There are definitive reasons why the Dolphins are executing a rebuild in 2019-2020 – after attempting to rebuild numerous times already this century – and you can say that lots of it has to do with the Head Coaches that have been in place.

Watching Ryan Tannehill lead the Tennessee Titans to the AFC Championship came was the most-conflicted I’ve felt in a long time as a Dolphins fan. I was thrilled he was able to prove himself, but frustrated that my team was once again watching from the couch.

Heck, for all the praise we give Brian Flores, he couldn’t get Minkah Fitzpatrick to buy into his system – ultimately losing a near-Defensive MVP player to an organization that has been breathing success since the Dolphins’ perfect 1972 season.

Miami hasn’t lacked talent – it’s why they’re constantly hovering around 8-8. The problem is, they lack the most important piece on the football field combined with the right leader to mold them. Which explains why they constantly sit around 8-8.

The Future We Created

But thoughts of perpetual 8-8 seasons are a thing of the past. The Dolphins may have drafted their future franchise quarterback back in April, but they officially rolled out their #1 prize just a few days ago. Coincidentally, just 3 days after Rosen was released.

The timing is likely coincidental, but who says omens have to be a bad thing?

This Dolphins team is young (thanks to Chris Grier), determined (courtesy of Brian Flores’ mindset), talented (after accumulating so many draft picks) and they’re wise beyond their years.

With a bounty of draft picks at their disposal once again in 2021, and with a franchise quarterback seemingly set to take over by season’s end, the future for the Miami Dolphins looks EXTREMELY bright.

After most “experts” predicted the Dolphins would go nearly winless – some even calling for criminal investigations to be conducted – Flores showed off his leadership and led Miami to a 5-11 record.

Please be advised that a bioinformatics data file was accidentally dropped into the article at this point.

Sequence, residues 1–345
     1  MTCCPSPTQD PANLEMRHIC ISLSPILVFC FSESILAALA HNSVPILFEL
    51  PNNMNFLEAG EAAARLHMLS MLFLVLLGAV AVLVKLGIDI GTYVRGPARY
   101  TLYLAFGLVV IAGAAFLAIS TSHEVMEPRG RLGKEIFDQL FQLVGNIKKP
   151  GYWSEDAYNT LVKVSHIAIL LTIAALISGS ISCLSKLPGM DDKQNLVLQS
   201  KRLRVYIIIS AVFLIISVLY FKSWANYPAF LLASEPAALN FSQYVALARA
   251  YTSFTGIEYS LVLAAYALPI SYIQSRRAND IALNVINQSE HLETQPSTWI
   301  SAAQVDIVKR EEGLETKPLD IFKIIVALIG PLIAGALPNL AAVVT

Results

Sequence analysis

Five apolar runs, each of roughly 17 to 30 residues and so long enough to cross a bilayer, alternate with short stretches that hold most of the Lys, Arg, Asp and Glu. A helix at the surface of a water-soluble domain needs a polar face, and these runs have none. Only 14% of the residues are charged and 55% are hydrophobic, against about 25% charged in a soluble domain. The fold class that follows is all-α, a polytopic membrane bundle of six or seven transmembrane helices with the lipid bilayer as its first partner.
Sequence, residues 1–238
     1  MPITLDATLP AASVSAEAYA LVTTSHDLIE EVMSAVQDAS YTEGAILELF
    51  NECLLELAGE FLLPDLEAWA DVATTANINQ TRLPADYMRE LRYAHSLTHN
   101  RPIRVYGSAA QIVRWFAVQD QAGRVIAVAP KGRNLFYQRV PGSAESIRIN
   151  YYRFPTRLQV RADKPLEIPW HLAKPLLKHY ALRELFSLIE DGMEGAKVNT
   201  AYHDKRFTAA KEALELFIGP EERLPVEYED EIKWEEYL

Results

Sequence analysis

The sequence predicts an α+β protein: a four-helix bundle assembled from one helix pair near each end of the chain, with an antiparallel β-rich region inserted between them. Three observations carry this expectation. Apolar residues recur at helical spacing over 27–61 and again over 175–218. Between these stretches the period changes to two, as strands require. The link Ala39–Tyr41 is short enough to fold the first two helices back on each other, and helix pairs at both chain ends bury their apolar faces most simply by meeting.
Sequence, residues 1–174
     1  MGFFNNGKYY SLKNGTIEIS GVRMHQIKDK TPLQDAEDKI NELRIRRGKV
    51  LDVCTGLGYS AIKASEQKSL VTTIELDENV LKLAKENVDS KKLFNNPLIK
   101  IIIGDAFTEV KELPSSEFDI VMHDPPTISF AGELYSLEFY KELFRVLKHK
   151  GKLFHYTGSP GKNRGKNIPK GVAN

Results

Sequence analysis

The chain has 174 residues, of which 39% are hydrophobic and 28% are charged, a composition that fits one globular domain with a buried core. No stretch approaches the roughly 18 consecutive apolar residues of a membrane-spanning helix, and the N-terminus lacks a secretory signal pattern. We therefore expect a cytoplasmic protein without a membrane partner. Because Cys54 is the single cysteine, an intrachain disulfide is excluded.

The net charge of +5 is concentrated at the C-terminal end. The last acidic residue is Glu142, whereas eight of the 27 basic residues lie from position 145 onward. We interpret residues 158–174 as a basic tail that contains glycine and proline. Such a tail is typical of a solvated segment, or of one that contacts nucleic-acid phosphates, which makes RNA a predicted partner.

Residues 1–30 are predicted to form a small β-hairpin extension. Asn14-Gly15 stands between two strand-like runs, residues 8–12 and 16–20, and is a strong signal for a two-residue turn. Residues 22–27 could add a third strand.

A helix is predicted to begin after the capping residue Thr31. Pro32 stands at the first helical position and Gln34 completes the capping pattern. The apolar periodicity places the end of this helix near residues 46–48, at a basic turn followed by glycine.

If the worst roster in the NFL can win 5 games, what can an improved roster accomplish?

Last year, there were too many holes on the roster to count. Now, you’re desperate to find a missing piece. In 12 months, we’ve gone from cringe-worthy to dynasty-bound in some expert’s eyes.

So have the Dolphins finally returned to football relevance?

If this team really identified the right Head Coach, and if Tua’s hip can stay healthy, then there’s no reason why the Miami Dolphins aren’t about to embark on a successful crusade that takes the rest of the NFL by storm.

Earlier this year, we lost one of the greatest leaders to ever bless our organization. In honor of the all-time wins leader, the Miami Dolphins will wear a patch signifying Don Shula’s record-setting 347 career wins.

And who knows, maybe this renaissance is Shula’s last gift to an organization – and a community – that he spent his life already giving so much to. The symbolism would be all-too coincidental otherwise.

The Baltimore Ravens/Lamar Jackson Trade:

Yes, I understand every other team passed on Jackson. I also understand the Ravens passed on him once when they selected Hayden Hurst with the 25th-overall pick that year, but Baltimore has built a championship-caliber organization over the past two decades, while the Dolphins have accomplished one playoff win – I think they’ve earned the benefit of the doubt here.

The Lamar Jackson trade can be broken down like this:

  • Baltimore traded pick 52 (2nd-round) to move up to 32nd-overall (1st)
  • Baltimore also sent Philadelphia pick 125 in the deal, but they received pick 132 in return – a downgrade of 7 spots in the 4th-round.
  • Otherwise, all Baltimore spent was a 2nd-round pick in 2019 (which ended up being pick #53).

Full trade:

Eagles Receive Picks: 52 (2nd), 125 (4th) and pick 53 (2nd) in the 2019 draft
Ravens Receive Picks: 32 (1st) and 132 (4th)

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Miami Dolphins

There’s A Fine Line Between Being A Genius & Being Dumb in the NFL

Jason Hrina

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Image Credit: Jasen Vinlove-USA TODAY Sports

Think Brian Flores & Chris Grier aren’t smart?

After successfully navigating through all of the pre-draft smokescreens better than teenagers can survive the high school rumor mill, the Miami Dolphins are in a position to flourish for the next decade.

Yes, it’s something we’ve said before almost annually, but this time, there’s a clear foundation that will allow the roots of this franchise to prosper.